Not available in the UK, £47
Frothy mousse. Floral perfumes, citrus blossom, praline, caramelised apples, dried apricot. The flavours meld together well lifted by fresh citrus acidity and a lively sherbetty mousse, toasty autolytic charm showing through on the long rich finish. 92 points, 12.5%
Not available in the UK, £40
Lemon yellow with silvery flashes, good lively mousse. A shot of underripe pineapple, with dried meadow flowers, lemon zest and a prickle of ginger. Softly textured, creamy and round in the mouth, fresh acidity and a medium to long finish. A very likeable wine. 90 points, 12%
Not available in the UK
Complex and intense peach, mango and honeysuckle fruits on this lovely lean palate that also shows pleasing yeasty notes. There is a long finish with lovely freshness. 90 points, 11%
An excellent example. Beautifully poised and very complex. It has concentrated aromas and flavours of ripe apples, candied and fresh citrus. 97 points, 13%
Not available in the UK, £40
Textbook Assyrtiko. Zesty lemon aromas, limoncello, ginger spice, and a smoky element from the oak that gives a creamy barrel note to the palate. This is a lovely wine, showing elegance and pace. 93 points, 93 points, 15%
Not available in the UK, £26
Spicy, peppery with green apple and pear. Beautiful texture and real depth to the palate with a beguiling minerality that lingers for many seconds. 90 points, 13%
Complex and concentrated nose of red cherry and tar. Great depth of sweet fruit with vanilla, coffee and floral notes. This is multi layered with great texture, richness and concentration. Powerful, complex and classy. 95 points, 14%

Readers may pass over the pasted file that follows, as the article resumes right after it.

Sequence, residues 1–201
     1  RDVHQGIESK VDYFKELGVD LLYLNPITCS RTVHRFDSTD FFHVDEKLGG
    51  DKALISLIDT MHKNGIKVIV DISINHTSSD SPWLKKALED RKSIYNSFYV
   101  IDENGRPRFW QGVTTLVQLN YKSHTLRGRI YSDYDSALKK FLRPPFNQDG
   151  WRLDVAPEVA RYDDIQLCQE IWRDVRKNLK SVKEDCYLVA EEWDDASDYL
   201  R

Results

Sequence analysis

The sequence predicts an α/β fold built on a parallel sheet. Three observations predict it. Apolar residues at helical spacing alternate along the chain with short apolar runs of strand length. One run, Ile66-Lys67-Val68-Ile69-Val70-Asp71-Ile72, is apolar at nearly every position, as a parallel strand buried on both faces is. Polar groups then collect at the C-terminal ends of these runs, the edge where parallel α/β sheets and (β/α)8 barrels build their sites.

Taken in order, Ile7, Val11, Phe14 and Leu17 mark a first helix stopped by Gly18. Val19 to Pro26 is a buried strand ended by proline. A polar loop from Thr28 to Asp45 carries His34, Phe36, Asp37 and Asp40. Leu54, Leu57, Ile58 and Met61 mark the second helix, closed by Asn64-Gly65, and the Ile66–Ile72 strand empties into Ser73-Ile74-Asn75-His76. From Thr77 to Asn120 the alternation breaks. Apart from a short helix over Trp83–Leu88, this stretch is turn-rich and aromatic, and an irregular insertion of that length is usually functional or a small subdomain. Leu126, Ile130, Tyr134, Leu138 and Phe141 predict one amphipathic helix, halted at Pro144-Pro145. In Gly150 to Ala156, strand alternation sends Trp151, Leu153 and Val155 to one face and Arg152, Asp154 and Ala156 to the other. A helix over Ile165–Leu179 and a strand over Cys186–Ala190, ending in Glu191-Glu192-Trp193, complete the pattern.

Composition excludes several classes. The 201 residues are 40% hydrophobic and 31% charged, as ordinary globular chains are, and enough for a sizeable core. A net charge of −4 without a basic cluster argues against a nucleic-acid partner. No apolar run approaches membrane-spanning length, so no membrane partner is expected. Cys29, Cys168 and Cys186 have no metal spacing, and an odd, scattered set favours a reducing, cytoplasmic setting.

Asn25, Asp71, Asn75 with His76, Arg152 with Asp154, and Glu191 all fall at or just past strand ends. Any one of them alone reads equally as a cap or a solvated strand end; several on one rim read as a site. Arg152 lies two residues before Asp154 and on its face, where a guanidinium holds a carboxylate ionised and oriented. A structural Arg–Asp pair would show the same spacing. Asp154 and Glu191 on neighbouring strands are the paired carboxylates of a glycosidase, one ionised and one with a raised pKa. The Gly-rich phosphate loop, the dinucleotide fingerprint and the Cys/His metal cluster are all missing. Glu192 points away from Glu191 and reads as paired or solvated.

Bright, punchy and chunky fruit abound here. Great concentration of plum, black fruits and spice. The balance is great with ripe chalky tannins, freshness and a wonderful length. 91 points, 16.5%
Fresh wild strawberries and a bit of cinnamon on the nose, with some damson fruit. Well structured, with smooth but prominent tannins creating a long finish and a fresh aftertaste. Perhaps good ageing potential, too. 91 points, 12.5%
It starts with dense, ripe black-cherry fruits and chocolate notes on the nose. Rich and velvety on the palate, with big and crunchy tannins, spicy oak and jammy dark fruit. This is a big and powerful wine that has enough fresh fruit and acidity to keep it balanced and make it a joy to drink. 91 points, 14%
Dry, complex nose incorporating savoury tertiary notes, with perfumed cherries and herbs. Vibrant palate, with a firm backbone of tannin, balanced with high alcohol. Drinking well now, this will continue to age for several years. 90 points, 14.5%
The generous nose of black fruit and toasty oak has good depth and concentration. The palate is still youthful but shows the start of some evolution, with a creamy vanilla twist. Soft and fresh, with a long, layered finish. 90 points, 13.5%
Sweet & Fortified:
Burnt orange peel, nutty elements and raisins on the first impression. It is complex and well matured, with creamy caramel notes on the palate, dried apricot, a lot of spices and some balancing acidity. This is a well-focused, angular expression. 90 points, 19.76%
Delicious harmony of strawberry jam and plum compote with deep, earthy bramble and zesty candied lemon. It's a vivacious and grand example, with sweetness and fruit balanced by acidity, and a lively mousse with persistent, fine bubbles. 89 points, 8%
Inviting orangey amber colour. Oxford marmalade and stem ginger butter cookies with grapefruit pith and caramel. Bittersweet and tangy, this complex wine has good energy and freshness, even as it shows some maturity. Nice grip on the finish, this would be an amazing food wine. 91 points, 17%